LONDON — An exact replica of the Elephant Man’s skeleton went on public show on in London on Wednesday, 112 years since Joseph Merrick’s death.
The skeleton, created from digital 3D scans of the disfigured man’s remains, is on display at the museum of the Royal London Hospital in East London.
Merrick was cared for until the end of his life at the hospital. His bones were kept at the hospital’s medical school in the hope that they might aid teaching or medical research.
The new replica will join an existing display on Merrick which includes his hat and mask, photos, and an intricate paper model of a church he made while living at the hospital.
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Scientists are planning to extract and test DNA from Merrick’s bones, which are now held in the private pathology collection at Barts and the London School of Medicine and Dentistry, Queen Mary, University of London.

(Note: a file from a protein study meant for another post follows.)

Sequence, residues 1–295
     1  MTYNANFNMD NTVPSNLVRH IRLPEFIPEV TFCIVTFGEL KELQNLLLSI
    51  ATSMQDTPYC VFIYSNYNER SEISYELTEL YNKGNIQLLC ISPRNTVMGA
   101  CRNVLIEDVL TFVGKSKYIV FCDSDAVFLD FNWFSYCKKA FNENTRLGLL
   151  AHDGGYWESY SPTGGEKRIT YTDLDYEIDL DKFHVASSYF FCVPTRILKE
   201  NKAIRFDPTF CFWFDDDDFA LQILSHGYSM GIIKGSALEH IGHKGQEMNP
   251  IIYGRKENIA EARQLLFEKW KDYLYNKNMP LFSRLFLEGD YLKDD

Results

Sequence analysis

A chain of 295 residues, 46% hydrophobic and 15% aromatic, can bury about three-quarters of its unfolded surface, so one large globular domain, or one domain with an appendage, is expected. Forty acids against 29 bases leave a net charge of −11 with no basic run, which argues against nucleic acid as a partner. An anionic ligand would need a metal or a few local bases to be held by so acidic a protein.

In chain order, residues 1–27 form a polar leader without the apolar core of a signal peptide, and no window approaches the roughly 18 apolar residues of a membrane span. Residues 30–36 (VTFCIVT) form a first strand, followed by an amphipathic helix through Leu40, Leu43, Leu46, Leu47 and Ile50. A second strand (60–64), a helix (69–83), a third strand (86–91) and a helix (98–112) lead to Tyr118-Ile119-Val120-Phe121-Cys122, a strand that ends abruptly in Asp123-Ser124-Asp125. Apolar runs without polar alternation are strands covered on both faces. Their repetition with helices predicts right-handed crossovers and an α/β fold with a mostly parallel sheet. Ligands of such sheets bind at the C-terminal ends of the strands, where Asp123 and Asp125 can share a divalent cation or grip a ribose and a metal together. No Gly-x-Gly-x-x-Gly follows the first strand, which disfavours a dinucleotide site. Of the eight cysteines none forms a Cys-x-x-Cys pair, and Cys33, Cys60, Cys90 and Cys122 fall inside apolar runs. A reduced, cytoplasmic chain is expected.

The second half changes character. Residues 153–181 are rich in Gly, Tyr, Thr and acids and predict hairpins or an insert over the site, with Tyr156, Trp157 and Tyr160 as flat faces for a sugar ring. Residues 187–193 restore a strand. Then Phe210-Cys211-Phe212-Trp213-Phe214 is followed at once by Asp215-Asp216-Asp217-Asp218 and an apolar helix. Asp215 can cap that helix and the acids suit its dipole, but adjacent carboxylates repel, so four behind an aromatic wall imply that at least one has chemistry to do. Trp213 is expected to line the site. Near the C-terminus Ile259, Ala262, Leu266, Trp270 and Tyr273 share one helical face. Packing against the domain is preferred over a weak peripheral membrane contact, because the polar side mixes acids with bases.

Experts believe Merrick’s condition was an extremely rare disorder known as Proteus syndrome, in which bones, skin and other tissue grow excessively.
Recent research in the United States, published in the New England Journal of Medicine, identified a genetic cause of Proteus.
Researchers at Queen Mary in London are now planning to confirm that Merrick’s condition was caused by Proteus syndrome, and are working with colleagues at the National Institutes of Health, USA to test DNA extracted from the remains.
Professor Richard Trembath, Vice Principal for Health at Queen Mary, University of London said: “During Joseph Merrick’s life little was understood about his condition and how he could be helped. Current research on the genetic causes of disease mean we can now understand and ultimately treat those living with rare diseases.
“We hope those who come to visit the museum will see the replica skeleton and gain some understanding of how hard it must have been for Joseph Merrick to walk, talk and lead a normal life.”